I was once an avid reader, especially when I was in school--it also didn't hurt that I was an English minor with an emphasis in literary criticism. But since becoming a parent, I have found my time highly fractured and overcommitted.  The anguish of trying to read a novel or long-form story with that constant pressure, outweighed any perceived benefit. To fill the void, I consumed the snack food of the literary world: magazines, graphic novels, comics and fan fiction (some of the best-worst stuff ever written, btw). Of course, many of the moms I interact with participate in book clubs and I marvel at their ability to finish 'real' books. That should have been my first (and continuing) clue that I was making excuses. Also, I just need to step away from the Facebook, hours upon hours get sucked down that insatiable black hole.

Anyway, I set my expectations low on purpose because I didn't want to fail. But during our recent LA vacation, I read Stephen King's writing memoir On Writing. I discovered this book when I briefly considered signing up for an online class about writing adult fiction--a genre I have no experience writing. Well, that's not entirely true: there were earnest (though misguided) attempts in college where overwrought self-awareness and a profound lack imagination combined into a cringe-worthy mess. But while reading reviews about the online writing course offered by a prolific fiction writer (not Stephen King), many people instead praised King's memoir as being a superior, highly instructive awas a much cheaper alternative to the class.  By coincidence, my mom, who is writing children's fiction, credited the tools and advice in his book for helping her break though to a major revision and advancement of a story she's been working on for years. And after reading her energized and imaginative revision, I was all "I'll-have-what-she's-having." With enough mental reserves to appreciate King's solid advice, our kid-free, care-free LA trip proved to be a perfect time and place to read On Writing.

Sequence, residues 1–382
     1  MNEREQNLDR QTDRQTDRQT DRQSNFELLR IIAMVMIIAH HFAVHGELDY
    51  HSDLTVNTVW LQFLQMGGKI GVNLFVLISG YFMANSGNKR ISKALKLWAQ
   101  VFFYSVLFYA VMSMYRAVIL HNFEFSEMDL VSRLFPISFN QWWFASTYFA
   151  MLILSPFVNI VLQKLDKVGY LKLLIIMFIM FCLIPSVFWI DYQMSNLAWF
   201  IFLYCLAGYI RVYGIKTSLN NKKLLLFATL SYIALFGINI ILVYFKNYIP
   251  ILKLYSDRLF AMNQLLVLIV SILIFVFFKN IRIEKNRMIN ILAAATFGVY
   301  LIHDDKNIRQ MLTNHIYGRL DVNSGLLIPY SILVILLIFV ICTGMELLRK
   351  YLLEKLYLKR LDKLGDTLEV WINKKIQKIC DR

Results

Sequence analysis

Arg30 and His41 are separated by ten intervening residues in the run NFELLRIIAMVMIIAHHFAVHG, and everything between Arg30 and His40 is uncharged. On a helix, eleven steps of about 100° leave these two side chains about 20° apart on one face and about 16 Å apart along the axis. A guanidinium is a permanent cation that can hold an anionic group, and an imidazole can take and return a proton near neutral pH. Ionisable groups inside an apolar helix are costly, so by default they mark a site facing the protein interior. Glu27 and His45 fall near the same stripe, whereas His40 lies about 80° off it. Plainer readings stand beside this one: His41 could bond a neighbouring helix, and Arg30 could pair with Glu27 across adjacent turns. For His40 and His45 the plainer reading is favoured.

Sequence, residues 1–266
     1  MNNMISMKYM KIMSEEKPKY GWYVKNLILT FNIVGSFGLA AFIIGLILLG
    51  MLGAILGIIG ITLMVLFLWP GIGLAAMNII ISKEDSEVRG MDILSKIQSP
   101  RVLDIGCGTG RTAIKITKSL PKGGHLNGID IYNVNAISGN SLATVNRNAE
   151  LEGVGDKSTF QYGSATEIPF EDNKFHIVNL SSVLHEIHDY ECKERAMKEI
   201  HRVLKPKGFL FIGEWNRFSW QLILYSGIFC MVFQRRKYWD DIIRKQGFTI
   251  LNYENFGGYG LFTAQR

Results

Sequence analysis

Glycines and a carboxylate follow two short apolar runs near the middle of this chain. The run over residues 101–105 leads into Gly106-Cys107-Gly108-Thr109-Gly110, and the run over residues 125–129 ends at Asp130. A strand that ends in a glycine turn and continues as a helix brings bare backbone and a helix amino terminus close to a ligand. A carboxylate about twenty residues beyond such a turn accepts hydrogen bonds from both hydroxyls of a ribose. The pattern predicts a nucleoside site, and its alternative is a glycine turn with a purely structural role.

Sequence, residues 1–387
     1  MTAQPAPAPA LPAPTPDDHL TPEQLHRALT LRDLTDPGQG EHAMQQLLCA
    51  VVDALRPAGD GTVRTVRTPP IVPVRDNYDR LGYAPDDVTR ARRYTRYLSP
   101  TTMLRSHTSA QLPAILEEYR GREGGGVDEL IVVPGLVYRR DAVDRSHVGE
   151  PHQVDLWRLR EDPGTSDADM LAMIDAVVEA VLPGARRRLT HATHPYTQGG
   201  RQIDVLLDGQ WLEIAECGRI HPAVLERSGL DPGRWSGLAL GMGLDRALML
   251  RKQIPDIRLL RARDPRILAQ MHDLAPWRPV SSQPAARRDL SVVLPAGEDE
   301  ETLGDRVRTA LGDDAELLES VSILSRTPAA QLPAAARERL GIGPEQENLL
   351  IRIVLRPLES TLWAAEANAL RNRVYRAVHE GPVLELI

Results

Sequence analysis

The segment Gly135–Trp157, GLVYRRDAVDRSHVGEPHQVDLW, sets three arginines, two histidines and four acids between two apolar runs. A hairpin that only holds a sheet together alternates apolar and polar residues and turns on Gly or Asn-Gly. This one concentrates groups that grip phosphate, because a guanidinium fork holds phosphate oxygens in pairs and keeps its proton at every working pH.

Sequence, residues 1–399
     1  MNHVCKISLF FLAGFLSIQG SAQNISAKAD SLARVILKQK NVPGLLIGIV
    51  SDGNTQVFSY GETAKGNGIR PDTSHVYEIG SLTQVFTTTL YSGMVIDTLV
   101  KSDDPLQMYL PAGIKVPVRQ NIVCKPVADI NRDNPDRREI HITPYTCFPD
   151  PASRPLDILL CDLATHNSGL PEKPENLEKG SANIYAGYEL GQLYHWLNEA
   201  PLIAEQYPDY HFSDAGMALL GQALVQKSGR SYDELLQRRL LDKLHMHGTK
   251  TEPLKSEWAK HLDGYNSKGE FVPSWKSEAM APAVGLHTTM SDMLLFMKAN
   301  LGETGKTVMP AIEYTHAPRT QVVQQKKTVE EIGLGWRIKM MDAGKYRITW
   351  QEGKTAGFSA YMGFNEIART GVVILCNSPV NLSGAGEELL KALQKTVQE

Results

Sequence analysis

In high school, I devoured a sampling of King's work like It, Tommyknockers, Misery, The Dark Tower, The Stand and one of his short story collections. The accessibility of his writing was something I always admired even if the subject matter was unsettling. A few weeks ago when I was only half done with On Writing, we lunched in Santa Monica with a college friend who is a writer. I recommended this book to him in an "I've-discovered-something-new" way.  He assured me he'd read it 3 times since it came out 15 years ago. Oops, late to the party again. But the book still stands up, no question, which explains why I was #14 deep in Seattle Public Library's hold queue for it. 

One thing I always disliked about "writers" as opposed to actual writers, is that "writers" were people who debated, agonized and over-analyzed writing (I'm very aware that I'm toeing that line right now.) But the people who just sit down everyday and put in the time are the shit. Even if it's drivel. The output won't often be inspired and it's not guaranteed to be good but like anything else, you have to put in the time to practice. 

I think at this point, the audacity of writing a fiction novel is like deciding to run a marathon just because you bought new shoes. I haven't trained a lick but, by gawd, I have the shoes. Still there's something so plucky and fresh in that. Another thing King said, and I'm not spoiling anything here, is that a good writer reads. I think my English teacher in high school, Maggie Bates, mentioned that too. Seeing how others make ideas flow, develop characters and tell a story is the other half of "marathon" training. 

One main thing King emphatically championed was a writing space with a door to shut out the world. After a few years of envying everyone else's retreat space in this house, I finally commandeered part of our guest bedroom, which will continue to pull double duty but at least it's something. We'll see what comes of it. No excuses.